In releasing the State Department’s global human rights report for 2017, acting Secretary of State John Sullivan also singled out Syria, Myanmar, Turkey and Venezuela as nations with poor human rights records.
Improved human rights in Uzbekistan, Liberia and Mexico were global “bright spots,” Mr Sullivan added.
The governments of China, Russia, Iran and North Korea “violate the human rights of those within their borders on a daily basis and are forces of instability as a result,” Mr Sullivan said in a preface to the congressionally mandated report that documents human rights in nearly 200 countries and territories.
Countries like these that restrict freedoms of expression and peaceful assembly, allow and commit violence against religious, ethnic and other minority groups or undermine the people’s fundamental dignity “are morally reprehensible and undermine our interests,” Mr Sullivan added.
Mr Sullivan said Russia’s government “continues to quash dissent and civil society, even while it invades its neighbours and undermines the sovereignty of Western nations.”
“We once again urge Russia to end its brutal occupation of Ukraine’s Crimean Peninsula, to halt the abuses perpetrated by Russian-led forces in Ukraine’s Donbas region, and to address impunity for the human rights violations and abuses in the Republic of Chechnya,” Mr Sullivan said.
Mr Sullivan said the US seeks to lead other nations by example in promoting just and effective governance based on the rule of law and respect for human rights.
Michael Kozak, a senior State Department official who helped oversee the report, said he did not think policies by President Donald Trump’s administration on freedom of the press, refugees, lesbian, gay, bisexual and transgender rights and other issues undermined the report or left the United States open to accusations of hypocrisy.
Mr Sullivan said the right of peaceful assembly and freedoms of association and expression are “under attack almost daily” in Iran, drawing criticism from Iranian Foreign Ministry spokesman Bahram Qasemi.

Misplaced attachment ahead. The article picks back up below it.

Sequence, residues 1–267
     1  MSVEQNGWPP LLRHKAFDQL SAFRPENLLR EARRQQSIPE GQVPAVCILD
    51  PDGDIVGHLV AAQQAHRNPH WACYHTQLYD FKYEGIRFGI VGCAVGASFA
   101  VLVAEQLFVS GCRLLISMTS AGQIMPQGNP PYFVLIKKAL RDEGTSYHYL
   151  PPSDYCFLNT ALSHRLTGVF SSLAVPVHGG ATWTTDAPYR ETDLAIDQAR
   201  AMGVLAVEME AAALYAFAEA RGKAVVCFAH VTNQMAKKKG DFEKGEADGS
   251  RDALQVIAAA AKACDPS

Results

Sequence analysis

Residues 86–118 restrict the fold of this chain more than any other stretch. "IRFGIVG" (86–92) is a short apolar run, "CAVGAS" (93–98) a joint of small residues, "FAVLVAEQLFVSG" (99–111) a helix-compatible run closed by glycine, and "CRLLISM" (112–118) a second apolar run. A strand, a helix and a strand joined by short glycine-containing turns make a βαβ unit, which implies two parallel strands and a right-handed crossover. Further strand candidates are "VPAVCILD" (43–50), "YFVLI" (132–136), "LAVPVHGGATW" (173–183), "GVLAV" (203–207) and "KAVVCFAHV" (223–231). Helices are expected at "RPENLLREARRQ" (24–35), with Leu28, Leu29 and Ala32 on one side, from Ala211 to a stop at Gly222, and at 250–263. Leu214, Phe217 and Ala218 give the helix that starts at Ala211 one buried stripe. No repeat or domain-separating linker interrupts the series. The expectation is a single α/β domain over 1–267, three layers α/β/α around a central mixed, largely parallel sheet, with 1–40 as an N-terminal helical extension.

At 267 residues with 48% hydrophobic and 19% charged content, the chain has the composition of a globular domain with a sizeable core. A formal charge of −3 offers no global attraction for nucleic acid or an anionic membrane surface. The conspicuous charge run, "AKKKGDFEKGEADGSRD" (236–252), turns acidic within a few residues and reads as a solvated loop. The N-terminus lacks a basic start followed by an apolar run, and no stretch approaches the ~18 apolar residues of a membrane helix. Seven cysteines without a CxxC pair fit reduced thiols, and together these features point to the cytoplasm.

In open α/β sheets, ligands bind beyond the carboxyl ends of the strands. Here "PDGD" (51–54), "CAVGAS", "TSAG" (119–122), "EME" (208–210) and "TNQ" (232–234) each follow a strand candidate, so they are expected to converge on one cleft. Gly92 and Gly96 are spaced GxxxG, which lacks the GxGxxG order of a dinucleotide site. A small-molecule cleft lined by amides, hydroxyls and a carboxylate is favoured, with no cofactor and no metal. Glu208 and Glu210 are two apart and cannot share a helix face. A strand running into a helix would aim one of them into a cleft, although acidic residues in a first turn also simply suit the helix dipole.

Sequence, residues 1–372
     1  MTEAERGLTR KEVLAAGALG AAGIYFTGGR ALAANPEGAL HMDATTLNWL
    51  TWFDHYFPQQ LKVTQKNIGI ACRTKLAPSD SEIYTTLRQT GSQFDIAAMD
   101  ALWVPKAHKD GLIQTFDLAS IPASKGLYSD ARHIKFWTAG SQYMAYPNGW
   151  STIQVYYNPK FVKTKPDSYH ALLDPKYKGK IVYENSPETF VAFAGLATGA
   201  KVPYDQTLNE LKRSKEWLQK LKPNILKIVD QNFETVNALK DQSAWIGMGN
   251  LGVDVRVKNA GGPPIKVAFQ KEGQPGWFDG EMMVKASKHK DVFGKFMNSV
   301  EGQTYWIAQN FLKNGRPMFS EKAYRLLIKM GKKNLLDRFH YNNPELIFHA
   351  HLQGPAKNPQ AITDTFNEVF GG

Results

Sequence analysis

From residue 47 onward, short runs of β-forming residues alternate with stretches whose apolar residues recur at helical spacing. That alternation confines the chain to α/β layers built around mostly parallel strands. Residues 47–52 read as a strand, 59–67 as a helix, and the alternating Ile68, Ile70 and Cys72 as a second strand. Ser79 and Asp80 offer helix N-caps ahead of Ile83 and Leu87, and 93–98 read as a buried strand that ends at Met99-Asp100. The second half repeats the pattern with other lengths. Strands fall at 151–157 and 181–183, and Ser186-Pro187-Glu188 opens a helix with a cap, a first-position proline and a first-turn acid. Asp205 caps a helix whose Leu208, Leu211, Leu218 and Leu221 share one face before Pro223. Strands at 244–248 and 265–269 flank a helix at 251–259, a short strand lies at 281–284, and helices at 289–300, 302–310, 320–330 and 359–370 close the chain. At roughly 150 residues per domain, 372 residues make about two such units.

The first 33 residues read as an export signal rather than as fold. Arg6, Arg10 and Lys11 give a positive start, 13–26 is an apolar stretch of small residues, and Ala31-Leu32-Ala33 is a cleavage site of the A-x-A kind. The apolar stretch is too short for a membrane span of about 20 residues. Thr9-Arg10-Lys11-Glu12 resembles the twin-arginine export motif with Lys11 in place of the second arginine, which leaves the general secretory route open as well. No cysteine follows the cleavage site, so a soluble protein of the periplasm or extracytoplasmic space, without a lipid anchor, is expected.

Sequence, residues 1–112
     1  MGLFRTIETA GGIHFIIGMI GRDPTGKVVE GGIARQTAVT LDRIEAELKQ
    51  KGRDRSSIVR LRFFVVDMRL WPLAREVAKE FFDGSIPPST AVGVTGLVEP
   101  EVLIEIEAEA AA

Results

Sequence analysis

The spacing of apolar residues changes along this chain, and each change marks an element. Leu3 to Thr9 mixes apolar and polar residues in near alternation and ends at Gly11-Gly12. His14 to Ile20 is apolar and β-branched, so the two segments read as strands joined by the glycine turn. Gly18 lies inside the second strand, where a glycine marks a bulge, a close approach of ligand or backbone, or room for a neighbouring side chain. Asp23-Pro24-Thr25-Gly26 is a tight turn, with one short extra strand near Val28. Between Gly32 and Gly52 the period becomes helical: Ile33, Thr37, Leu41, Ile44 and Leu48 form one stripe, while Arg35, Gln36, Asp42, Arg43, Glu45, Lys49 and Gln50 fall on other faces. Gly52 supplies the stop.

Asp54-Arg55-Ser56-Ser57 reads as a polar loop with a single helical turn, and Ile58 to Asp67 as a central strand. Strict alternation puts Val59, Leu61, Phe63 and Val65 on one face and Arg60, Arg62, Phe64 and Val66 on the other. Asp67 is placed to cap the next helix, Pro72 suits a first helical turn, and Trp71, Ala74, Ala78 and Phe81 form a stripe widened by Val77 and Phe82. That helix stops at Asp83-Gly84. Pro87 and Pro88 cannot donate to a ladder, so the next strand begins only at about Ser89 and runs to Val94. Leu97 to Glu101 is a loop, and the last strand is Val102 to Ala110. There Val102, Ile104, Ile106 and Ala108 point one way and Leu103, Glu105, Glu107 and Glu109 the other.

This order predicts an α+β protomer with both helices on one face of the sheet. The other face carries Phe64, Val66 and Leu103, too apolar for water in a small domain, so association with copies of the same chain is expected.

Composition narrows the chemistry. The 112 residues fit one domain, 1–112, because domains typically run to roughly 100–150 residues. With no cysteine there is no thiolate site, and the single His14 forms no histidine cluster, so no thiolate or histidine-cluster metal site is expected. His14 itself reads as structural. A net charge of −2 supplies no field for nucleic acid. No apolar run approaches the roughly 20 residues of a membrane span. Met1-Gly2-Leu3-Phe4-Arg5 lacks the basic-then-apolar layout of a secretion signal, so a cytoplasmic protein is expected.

The Iranian state news agency IRNA quoted Mr Qasemi as saying the report was “completely biased and politically motivated, and presented a distorted and unrealistic image of the conditions in Iran”.
Report could compound tensions with China and Russia
The report’s release comes at a time of increased tensions with China over trade and other matters.
It also coincides with deteriorating relations with Moscow over its support for Syrian President Bashar al-Assad, whom Washington accuses of using chemical weapons on his own people, and US accusations of Russian meddling in the 2016 US presidential election.
Mr Sullivan accused China of spreading “the worst features of its authoritarian system” by restricting activists, civil society and freedom of expression.
“We are particularly concerned about the efforts of Chinese authorities to eliminate the religious, linguistic and cultural identities of Uighur Muslims and Tibetan Buddhists, as well as restrictions on the worship of Christians,” Sullivan added.
Mr Trump has agreed to meet with North Korean leader Kim Jong-un in the coming months even as Washington increases pressure on Pyongyang to give up its nuclear weapons.
Mr Sullivan said Mr Kim oversees one of the most “repressive and abusive regimes in the world” and accused Pyongyang of “systematically” neglecting its own people to “underwrite and fund its illicit weapons program and child labour.”
He also condemned what he called “ethnic cleaning” of Muslim Rohingya in Myanmar, and said those responsible for attacks against the Rohingya should be held accountable.